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Big Three struggled to keep the buzz going at Doral

DORAL, Fla. -- There was a buzz in the air surrounding the 10th tee on Trump National Doral's TPC Blue Monster course, right at 11:32 ET on Thursday morning.

As the world's top three players -- Jordan Spieth, Jason Day and Rory McIlroy -- teed off in the WGC-Cadillac Championship opening round, in that exact order, spectators craned their necks and shielded their eyes from the sun just to catch a glimpse of the stars' drives in the air.

They each birdied that opening hole and the proverbial Battle of the Superstars was ostensibly on.

And then, the buzz burst.

It wasn't that the triumphant trio played poorly. In fact, they played pretty well on a course famous for low-flying planes overhead and high-flying scores on the ground.

By the time they had finished, Spieth posted a group-best, 3-under 69, while McIlroy was 2 shots further back at 71 and Day carded a 72. While none shot himself out of the tournament on the first day, they're all chasing leaders Scott Piercy and Marcus Fraser.

It was the first time all three had played in the same group since the opening two rounds at last year's Players Championship, when Spieth and Day both missed the cut.

Those were such a forgettable 36 holes that when asked about it this week, Spieth couldn't even recall all three of them playing together.

This week has worked out better so far -- there's no cut at this event, so that isn't a worry -- although they didn't exactly feed off one another the way we might have guessed beforehand.

Then again, that's pretty common. Without crunching the numbers, whenever there's great anticipation for a superstar group, especially during the first two rounds, it often ends in some type of disappointment.

That sort of epitomized this round, too. They all played well, but they never worked the crowd into a frenzy, either.

And that buzz? Well, it just didn't quite stick around.

"It was good at the start, and then it kind of declined coming in," Day explained.

"The front nine, the atmosphere was better," McIlroy said. "Then the sun went in, so the people went away, basically. I think that's what really happened."

Not that there weren't some worthy storylines among the triumvirate.

Coming off a missed cut in his last start, Spieth carded five birdies against two bogeys and seemed genuinely pleased with his start after the round.

As for the company of his playing partners, he liked the dynamic. But that doesn't mean it impacted his final score in any way.

"It's just like it is any time that we're playing together, whether it's just two of us or all three," Spieth said. "We're playing our own game, but we enjoy the company of each other.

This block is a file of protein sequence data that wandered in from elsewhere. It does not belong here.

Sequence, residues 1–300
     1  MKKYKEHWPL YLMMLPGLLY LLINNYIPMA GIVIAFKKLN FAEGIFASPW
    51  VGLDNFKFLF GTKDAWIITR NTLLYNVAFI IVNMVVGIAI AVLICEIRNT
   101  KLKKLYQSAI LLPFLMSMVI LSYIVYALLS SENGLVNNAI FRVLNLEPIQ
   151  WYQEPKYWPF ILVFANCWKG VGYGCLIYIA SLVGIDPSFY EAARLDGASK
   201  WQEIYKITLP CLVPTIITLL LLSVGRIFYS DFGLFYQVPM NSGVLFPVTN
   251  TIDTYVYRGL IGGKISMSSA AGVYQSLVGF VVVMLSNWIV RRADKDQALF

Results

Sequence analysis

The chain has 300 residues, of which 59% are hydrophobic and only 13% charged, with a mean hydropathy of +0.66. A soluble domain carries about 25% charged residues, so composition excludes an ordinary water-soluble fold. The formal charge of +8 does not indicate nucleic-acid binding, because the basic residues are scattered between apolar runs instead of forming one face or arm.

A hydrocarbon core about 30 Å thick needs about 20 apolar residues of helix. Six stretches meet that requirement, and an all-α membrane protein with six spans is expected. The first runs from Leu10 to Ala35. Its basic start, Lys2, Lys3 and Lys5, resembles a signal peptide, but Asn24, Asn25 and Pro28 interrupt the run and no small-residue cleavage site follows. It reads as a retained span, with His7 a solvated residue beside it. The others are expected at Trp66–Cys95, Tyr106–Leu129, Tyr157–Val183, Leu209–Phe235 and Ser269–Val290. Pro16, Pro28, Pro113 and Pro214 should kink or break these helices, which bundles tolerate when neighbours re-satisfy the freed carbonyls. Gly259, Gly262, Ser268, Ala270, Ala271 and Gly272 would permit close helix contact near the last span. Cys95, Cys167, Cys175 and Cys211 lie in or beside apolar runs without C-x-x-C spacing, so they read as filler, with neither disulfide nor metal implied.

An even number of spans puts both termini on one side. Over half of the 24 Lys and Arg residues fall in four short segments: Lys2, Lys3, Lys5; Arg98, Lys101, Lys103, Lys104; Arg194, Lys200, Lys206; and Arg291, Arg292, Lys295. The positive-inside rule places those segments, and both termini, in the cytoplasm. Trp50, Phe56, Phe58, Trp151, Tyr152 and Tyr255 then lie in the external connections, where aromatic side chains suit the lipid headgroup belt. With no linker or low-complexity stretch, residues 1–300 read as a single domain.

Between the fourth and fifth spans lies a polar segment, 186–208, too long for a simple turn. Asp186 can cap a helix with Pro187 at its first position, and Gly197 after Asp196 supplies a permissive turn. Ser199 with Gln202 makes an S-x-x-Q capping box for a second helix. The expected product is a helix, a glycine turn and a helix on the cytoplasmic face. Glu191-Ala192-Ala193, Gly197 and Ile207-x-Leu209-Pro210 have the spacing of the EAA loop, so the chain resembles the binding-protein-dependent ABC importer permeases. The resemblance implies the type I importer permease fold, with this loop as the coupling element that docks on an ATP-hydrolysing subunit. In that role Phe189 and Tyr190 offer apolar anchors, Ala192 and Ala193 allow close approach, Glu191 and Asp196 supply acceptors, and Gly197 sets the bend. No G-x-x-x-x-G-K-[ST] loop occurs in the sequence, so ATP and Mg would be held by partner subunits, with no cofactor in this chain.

"We were actually able to feed off each other for a while on a very difficult golf course through the first 12 holes or so. And then each of us had a bit of a slip towards the end, and a little bit of a damper on the round, a little bummer on the round, but we'll come back tomorrow and get off to a good start."

McIlroy played the Rodney Dangerfield role for the first third of the round, sans tugging on his collar.

For the first six holes, the name on the back of caddie J.P. Fitzgerald's bib read "MCLLORY," as did the name on the walking scorer's board.

"I've been out here nine years now and they still couldn't get my name right," McIlroy later deadpanned.

He might have felt a little disrespected by his new putting stroke, too. For the first time since his rookie year, McIlroy decided to employ a left-hand-low style, which yielded five birdies, but it also forced him to take a total of 33 putts for the round, ranking 56th in the 66-man field in the strokes-gained putting category.

As for whether his playing partners affected his game, he echoed Spieth's sentiment.

"Not a whole lot," McIlroy explained. "I'm really trying to concentrate on myself. I've got a hard enough time thinking about myself at the minute. Just trying to concentrate on that and go from there."

Following two weeks off, Day's even-par round featured four birdies and four bogeys -- two of the latter coming on the final six holes.

He insisted that if the threesome lost some of its mojo, he might have been the cause.

"I was the first one to go," Day said with a smile. "I don't think the attitude, my attitude, helped those guys a lot."

He was still smiling when asked about the buzz, one which permeated the air at the beginning of the round and was dead calm by the end of it.

"It will be better; it's Thursday," Day said. "Once the weekend comes around, there's going to be a few more people having a drink and should be a little bit louder."

That will be especially true if the world's top three players can keep themselves in contention.